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Monday, October 20, 2014

Perseids Meteor Shower 2015 - The Moon Will Not Intrude During It's Peak Time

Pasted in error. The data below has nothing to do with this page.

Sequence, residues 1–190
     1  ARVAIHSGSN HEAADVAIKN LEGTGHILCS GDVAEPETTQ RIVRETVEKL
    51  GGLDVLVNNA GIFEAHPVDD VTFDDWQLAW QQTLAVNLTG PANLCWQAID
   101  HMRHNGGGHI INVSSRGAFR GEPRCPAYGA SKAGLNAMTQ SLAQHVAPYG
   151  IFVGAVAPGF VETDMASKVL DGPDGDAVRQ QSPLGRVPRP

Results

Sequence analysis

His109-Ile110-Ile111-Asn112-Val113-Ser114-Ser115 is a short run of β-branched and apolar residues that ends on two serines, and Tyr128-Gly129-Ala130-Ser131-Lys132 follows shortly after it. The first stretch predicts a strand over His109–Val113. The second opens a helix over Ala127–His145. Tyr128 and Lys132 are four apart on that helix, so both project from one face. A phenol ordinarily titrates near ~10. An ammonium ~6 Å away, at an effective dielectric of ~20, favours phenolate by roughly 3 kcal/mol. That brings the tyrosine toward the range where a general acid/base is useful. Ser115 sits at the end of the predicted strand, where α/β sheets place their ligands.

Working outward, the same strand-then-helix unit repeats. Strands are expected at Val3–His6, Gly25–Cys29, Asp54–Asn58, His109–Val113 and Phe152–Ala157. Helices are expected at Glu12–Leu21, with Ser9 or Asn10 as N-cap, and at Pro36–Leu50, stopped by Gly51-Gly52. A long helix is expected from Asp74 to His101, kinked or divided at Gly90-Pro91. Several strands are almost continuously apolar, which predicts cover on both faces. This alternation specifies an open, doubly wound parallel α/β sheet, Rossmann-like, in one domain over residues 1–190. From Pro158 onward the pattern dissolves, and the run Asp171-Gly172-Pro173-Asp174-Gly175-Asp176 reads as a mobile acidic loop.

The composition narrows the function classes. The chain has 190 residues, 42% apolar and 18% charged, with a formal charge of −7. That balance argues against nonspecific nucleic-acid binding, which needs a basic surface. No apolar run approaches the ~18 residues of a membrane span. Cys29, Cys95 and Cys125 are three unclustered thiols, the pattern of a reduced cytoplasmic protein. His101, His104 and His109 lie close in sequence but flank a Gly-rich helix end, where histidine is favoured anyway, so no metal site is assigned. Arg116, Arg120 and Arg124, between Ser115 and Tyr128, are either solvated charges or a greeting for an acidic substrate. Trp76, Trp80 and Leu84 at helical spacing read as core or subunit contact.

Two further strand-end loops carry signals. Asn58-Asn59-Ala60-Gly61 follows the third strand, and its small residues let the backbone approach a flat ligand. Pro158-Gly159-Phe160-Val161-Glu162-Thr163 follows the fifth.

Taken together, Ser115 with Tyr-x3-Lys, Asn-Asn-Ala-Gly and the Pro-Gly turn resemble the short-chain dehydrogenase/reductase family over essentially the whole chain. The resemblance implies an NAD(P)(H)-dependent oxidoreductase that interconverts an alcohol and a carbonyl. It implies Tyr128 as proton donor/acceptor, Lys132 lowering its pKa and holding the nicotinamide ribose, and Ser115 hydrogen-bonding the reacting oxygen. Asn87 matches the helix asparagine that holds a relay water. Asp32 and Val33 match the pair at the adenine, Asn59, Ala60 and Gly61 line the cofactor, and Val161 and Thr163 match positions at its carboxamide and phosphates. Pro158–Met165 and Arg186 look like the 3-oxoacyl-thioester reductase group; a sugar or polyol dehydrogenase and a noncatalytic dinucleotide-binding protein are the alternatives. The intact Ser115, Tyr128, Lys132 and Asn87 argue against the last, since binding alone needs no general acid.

Mark your calendar for another astronomical event because on Wednesday of August 12th, the Perseids Meteor Shower 2015 will have it's peak as the Earth will be passing through a stream of cloud of debris from Comet Swift-Tuttle which is the progenitor comet of Perseid, and are expected to produce up to 100 meteors an hour on the night of Wednesday. The Perseids are so named because the meteors appear to come from the constellation Perseus, but it's comet Swift-Tuttle that's responsible for the meteoroids. As the comet makes it 133-year journey around the sun, it leaves a trail of dust and debris. Earth crosses this stream each year around the middle of August. The Perseids has been one of the most documented and viewed meteor showers, with recorded observations for 2,000 years, according to NASA. Unlike last year, when there was a bright moon, Earth's natural satellite won't be visible and will enter the new moon phase Friday. If the night sky is stunning enough you'll be able to see some bright meteors streaking through the sky using only the unaided naked eye and since the moon will be at it's darkest this time it's a pretty good chance of seeing the meteor shower's peak as the Perseid meteor shower occurs every August when the Earth passes through a stream of dusty debris from Comet Swift-Tuttle, a comet that orbits the sun once every 133 years. The Perseids have been observed by humans for at least 2,000 years, according to NASA officials. The meteors are made up of ice and dust shed by Swift-Tuttle, most of which was cast off by the comet hundreds of years ago in which the best time to observe the Perseids will be in the pre-dawn hours of Thursday, Aug. 13. "The Perseids streak across the sky from many directions, with theoretical rates as high as 100 per hour. The last time the Perseids peak coincided with a new moon was in 2007, making this one of the best potential viewings in years that is, according to NASA but let's see the outcome.

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